Bottom Line: Targeting neglected cognitive aspects may provide a useful route.In exploratory analyses, compared with the control, imagery CBM significantly improved anhedonia over the intervention and improved depression symptoms as a whole for those participants with fewer than five episodes of depression and those who engaged to a threshold level of imagery.Anhedonia may be a useful treatment target for future work.

View Article: PubMed Central - PubMed

Affiliation: Medical Research Council Cognition and Brain Sciences Unit.

ABSTRACT

Depression is a global health problem requiring treatment innovation. Targeting neglected cognitive aspects may provide a useful route. We tested a cognitive-training paradigm using positive mental imagery (imagery cognitive bias modification, imagery CBM), developed via experimental psychopathology studies, in a randomized controlled trial. Training was delivered via the Internet to 150 individuals with current major depression. Unexpectedly, there was no significant advantage for imagery CBM compared with a closely matched control for depression symptoms as a whole in the full sample. In exploratory analyses, compared with the control, imagery CBM significantly improved anhedonia over the intervention and improved depression symptoms as a whole for those participants with fewer than five episodes of depression and those who engaged to a threshold level of imagery. Results suggest avenues for improving imagery CBM to inform low-intensity treatment tools for depression. Anhedonia may be a useful treatment target for future work.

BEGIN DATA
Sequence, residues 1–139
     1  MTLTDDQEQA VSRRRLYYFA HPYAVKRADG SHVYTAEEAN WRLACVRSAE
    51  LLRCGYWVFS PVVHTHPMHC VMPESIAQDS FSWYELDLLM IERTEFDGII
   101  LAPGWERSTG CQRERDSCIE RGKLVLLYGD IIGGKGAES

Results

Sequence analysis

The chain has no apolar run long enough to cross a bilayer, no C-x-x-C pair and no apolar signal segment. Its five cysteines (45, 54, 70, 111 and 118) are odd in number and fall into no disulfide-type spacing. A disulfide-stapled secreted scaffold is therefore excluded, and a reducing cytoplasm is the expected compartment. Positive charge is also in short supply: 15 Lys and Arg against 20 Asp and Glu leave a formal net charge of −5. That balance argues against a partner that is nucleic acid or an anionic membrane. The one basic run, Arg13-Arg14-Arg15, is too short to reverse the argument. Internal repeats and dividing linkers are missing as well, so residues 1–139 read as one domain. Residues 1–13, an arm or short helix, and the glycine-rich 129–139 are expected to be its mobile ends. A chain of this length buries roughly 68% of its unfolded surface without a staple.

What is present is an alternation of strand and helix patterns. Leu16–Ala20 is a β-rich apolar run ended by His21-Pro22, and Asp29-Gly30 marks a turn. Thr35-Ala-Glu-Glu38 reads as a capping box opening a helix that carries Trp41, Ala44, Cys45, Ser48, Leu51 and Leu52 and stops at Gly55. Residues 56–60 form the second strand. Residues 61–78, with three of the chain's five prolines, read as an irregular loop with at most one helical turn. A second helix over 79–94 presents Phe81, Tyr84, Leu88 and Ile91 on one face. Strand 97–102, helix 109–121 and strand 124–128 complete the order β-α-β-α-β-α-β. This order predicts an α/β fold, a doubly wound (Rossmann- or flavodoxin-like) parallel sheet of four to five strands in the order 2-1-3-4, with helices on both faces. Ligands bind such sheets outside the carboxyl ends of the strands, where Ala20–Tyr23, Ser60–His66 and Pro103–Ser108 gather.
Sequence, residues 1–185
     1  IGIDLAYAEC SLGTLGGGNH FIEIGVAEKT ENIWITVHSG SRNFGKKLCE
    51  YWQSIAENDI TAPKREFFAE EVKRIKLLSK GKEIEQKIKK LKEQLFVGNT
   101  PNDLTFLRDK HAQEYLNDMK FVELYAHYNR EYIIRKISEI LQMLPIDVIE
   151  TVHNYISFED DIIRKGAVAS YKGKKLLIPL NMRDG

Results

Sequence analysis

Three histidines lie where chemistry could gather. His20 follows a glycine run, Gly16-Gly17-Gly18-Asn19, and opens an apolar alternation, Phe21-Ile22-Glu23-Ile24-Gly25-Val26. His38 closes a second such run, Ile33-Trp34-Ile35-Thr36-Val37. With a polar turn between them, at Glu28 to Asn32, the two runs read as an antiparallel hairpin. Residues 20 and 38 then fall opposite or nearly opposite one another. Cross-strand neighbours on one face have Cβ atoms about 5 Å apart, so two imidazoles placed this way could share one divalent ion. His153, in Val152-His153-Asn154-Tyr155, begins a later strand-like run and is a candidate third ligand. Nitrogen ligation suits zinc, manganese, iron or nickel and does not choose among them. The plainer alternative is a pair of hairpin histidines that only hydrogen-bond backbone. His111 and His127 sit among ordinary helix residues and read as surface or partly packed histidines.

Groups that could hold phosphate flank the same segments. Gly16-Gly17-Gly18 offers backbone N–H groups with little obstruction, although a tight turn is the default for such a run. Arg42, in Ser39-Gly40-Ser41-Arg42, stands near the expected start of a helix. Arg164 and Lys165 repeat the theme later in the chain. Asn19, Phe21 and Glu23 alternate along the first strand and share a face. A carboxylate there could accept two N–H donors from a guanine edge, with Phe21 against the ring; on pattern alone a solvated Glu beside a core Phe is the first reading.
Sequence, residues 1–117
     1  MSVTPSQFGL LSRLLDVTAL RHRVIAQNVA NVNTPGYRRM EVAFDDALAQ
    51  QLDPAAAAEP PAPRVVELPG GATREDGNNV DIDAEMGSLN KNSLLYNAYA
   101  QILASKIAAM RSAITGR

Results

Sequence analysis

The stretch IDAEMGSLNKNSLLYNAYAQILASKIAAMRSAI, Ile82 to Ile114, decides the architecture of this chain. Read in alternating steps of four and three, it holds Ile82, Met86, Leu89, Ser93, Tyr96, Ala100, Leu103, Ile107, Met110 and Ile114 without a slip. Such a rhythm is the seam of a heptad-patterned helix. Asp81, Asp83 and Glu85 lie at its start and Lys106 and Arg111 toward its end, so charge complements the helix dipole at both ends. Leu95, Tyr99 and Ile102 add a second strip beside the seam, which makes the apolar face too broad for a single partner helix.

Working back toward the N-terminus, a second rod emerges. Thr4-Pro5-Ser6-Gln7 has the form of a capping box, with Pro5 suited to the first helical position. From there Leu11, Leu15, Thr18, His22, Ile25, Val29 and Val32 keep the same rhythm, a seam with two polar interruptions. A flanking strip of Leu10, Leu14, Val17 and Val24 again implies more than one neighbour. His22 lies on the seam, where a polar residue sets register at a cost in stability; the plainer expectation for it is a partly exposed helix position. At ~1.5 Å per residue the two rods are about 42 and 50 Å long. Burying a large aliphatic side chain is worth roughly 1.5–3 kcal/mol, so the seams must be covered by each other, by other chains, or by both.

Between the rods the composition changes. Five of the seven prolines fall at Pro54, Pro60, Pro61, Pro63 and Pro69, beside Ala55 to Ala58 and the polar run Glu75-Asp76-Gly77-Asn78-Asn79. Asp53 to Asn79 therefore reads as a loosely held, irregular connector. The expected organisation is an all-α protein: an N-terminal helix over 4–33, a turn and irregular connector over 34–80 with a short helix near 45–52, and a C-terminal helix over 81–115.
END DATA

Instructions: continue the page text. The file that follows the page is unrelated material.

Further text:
No MeSH data available.


Related in: MedlinePlus